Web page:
The Torah reading for this Shabbat is from the book of Numbers 8:1 – 12:16. The name of this portion is a bit difficult for English speakers to pronounce, Beha’alotecha, “when you arrange the lamps”. From the prophets we will be reading from Zechariah 2:14 – 4:7, and from the New Testament we will be reading 1 Corinthians 10:6-13.
The lampstand in the Temple is today also the symbol of the State of Israel. However, for us as disciples of Yeshua who believe the Word of God from Genesis to Revelation, it is the lampstand that was first made in the wilderness of Sinai, and placed in the Tent of Meeting, the Tabernacle.
In our reading this week we find a full description of the menorah (the candelabra). The book of Revelation starts with a description of the seven churches of Asia Minor as the seven branches of the menorah. The question is why are each of these seven churches of Asia Minor, problematic churches, each with some very-serious problem, described as a menorah of seven branches?
The secret to understanding this picture of John’s revelation is found in our reading from Numbers:
“Now this workmanship of the lampstand was hammered gold; from its shaft to its flowers, it was hammered work. According to the pattern which the Lord had shown Moses, so he made the lampstand.” – Numbers 8:4 [NKJV]
You have a piece of gold that is hammered into the shape of seven candles. There is a center shaft with three branches on each side of the shaft. These branches are of different sizes, but they are all connected at the central shaft. The middle shaft that holds the branches has the central candle.
The significance of this menorah (candelabra) in the book of Revelation is the following: each one of the seven churches in Asia Minor is different, and the problems are serious. Yes, they are all seven a part of the same menorah, they are all made from the same gold, and they are hammered into shape. The criticism of the revelation of John directed toward these churches is very serious, but they are nonetheless all still a part of the body of the Messiah. Here are some of the problems of these seven churches in Asia Minor:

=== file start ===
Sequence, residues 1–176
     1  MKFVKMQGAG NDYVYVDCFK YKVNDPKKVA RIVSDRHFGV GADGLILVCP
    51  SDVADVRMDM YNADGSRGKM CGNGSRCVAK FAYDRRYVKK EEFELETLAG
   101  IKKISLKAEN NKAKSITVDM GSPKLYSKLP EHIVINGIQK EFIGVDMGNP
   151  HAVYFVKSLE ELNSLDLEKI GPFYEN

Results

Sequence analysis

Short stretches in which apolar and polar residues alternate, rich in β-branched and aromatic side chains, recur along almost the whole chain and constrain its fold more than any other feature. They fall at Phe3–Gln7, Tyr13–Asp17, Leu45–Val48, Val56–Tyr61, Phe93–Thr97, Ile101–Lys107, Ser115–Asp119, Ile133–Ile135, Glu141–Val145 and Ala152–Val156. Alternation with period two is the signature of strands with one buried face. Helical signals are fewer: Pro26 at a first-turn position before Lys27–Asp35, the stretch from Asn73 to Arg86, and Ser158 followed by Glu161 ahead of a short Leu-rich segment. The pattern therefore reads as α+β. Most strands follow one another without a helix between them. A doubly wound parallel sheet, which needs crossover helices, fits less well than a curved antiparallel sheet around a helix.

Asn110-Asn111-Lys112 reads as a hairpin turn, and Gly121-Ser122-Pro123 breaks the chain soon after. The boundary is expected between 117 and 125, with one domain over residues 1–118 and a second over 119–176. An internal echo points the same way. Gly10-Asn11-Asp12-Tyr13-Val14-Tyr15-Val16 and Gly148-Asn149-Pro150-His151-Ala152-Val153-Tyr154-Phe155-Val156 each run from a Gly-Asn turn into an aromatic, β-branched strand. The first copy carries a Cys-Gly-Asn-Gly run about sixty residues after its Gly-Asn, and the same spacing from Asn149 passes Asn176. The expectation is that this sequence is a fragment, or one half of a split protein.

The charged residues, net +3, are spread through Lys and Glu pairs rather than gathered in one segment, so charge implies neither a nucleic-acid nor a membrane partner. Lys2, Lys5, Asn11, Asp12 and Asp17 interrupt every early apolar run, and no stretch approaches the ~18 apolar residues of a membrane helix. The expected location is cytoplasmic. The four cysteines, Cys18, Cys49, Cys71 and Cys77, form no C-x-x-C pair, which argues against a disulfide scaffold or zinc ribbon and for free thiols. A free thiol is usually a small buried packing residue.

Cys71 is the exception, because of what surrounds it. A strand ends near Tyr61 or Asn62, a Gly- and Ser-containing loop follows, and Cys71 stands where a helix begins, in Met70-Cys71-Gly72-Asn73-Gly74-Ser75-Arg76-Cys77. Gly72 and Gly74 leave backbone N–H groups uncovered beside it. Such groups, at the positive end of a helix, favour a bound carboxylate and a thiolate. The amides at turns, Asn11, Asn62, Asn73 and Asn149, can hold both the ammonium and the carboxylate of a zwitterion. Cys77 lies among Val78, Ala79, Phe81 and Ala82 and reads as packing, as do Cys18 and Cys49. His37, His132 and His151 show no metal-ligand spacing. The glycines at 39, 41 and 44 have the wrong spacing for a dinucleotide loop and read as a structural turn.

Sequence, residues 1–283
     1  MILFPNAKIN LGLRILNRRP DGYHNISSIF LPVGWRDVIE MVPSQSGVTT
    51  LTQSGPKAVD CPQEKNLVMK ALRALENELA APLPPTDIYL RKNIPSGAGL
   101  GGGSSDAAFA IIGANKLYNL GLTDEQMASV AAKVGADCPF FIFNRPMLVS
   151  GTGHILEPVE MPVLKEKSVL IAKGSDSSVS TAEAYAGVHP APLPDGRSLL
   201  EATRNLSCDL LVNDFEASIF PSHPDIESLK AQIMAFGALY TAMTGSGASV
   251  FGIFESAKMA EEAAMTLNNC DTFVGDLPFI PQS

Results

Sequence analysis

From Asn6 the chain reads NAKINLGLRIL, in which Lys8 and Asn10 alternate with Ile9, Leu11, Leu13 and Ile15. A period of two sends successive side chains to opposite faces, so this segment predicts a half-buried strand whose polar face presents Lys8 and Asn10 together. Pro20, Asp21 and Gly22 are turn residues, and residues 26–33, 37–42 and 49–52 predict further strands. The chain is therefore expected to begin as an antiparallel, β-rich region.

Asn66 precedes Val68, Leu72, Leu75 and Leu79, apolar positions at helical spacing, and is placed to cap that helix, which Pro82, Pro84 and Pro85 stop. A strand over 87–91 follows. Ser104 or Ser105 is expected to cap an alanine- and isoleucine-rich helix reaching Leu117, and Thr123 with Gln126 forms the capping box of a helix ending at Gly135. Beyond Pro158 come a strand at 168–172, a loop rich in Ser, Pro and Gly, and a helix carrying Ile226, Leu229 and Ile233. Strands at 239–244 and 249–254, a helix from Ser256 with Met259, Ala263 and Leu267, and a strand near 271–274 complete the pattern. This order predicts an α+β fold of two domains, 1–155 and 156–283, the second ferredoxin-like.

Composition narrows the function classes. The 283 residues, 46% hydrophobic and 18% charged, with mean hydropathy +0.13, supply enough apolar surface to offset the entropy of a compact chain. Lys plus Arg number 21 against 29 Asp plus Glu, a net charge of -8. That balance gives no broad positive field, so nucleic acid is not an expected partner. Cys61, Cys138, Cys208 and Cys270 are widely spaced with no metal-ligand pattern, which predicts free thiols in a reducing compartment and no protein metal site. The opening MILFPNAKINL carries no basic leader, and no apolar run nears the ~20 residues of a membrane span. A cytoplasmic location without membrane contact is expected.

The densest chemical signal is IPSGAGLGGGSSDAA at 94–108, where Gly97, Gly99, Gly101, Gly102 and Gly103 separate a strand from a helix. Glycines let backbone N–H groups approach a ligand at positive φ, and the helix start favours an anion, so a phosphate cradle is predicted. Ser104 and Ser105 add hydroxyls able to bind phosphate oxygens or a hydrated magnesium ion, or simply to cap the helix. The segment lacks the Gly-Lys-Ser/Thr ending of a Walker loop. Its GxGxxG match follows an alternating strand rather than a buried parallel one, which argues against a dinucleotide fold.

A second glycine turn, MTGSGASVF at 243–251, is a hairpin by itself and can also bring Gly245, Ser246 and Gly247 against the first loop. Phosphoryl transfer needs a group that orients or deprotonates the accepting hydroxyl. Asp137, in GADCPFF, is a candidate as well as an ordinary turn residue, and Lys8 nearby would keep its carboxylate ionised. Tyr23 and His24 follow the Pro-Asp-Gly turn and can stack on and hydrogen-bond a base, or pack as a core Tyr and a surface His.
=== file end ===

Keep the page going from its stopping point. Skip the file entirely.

- “You have left your first love…”
- “I know the blasphemy of those who say they are Jews and are not, but are a synagogue of Satan.”
- “You have those who hold the doctrine of Balaam, who taught Balak to put a stumbling block before the children of Israel, to eat things sacrificed to idols, and to commit sexual immorality.”
- “Thus you also have those who hold the doctrine of the Nicolaitans, which thing I hate.”
- “You allow that woman Jezebel, who calls herself a prophetess, to teach and seduce My servants to commit sexual immorality and eat things sacrificed to idols.”
- “You are lukewarm, and neither cold nor hot, I will vomit you out of My mouth.”
There are some very serious sins and big problems and yet they are still a part of the same menorah, they are still candles that have light and give light in the dark pagan atmosphere of the Eastern portion of the Roman Empire. They are not cut off from the body of Christ, yes some are threatened that if they don’t change, their light will be put out, but in this condition they are still a part of the menorah they are still a part of the body of Christ.
This is a very important message from the menorah of seven candles that is used here by the book of Revelation which speaks of these congregations as being a part of the same gold and the same united menorah of seven light-giving candles. There are so many divisions and even enmity between different denominations on much lesser problems than the seven churches of Asia Minor.
The unity of the body of Christ is not compromised in these seven churches they are still a part of the same menorah, and they are still a part of the body of the Christ, made of the same gold and connected to the central shaft that holds all the seven candles together.